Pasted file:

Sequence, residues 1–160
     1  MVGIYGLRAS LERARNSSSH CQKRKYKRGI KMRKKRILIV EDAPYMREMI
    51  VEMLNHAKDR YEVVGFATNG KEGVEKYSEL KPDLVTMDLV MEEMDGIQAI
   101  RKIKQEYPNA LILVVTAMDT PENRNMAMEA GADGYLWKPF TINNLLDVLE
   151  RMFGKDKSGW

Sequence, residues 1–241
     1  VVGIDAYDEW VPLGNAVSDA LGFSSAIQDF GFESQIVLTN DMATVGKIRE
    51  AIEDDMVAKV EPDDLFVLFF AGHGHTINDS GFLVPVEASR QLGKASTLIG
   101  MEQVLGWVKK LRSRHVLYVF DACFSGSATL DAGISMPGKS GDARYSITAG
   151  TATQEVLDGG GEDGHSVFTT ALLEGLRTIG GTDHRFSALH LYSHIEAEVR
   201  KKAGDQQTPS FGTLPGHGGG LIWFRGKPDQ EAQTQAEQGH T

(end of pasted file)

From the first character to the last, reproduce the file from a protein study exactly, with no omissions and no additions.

Sequence, residues 1–160
     1  MVGIYGLRAS LERARNSSSH CQKRKYKRGI KMRKKRILIV EDAPYMREMI
    51  VEMLNHAKDR YEVVGFATNG KEGVEKYSEL KPDLVTMDLV MEEMDGIQAI
   101  RKIKQEYPNA LILVVTAMDT PENRNMAMEA GADGYLWKPF TINNLLDVLE
   151  RMFGKDKSGW

Sequence, residues 1–241
     1  VVGIDAYDEW VPLGNAVSDA LGFSSAIQDF GFESQIVLTN DMATVGKIRE
    51  AIEDDMVAKV EPDDLFVLFF AGHGHTINDS GFLVPVEASR QLGKASTLIG
   101  MEQVLGWVKK LRSRHVLYVF DACFSGSATL DAGISMPGKS GDARYSITAG
   151  TATQEVLDGG GEDGHSVFTT ALLEGLRTIG GTDHRFSALH LYSHIEAEVR
   201  KKAGDQQTPS FGTLPGHGGG LIWFRGKPDQ EAQTQAEQGH T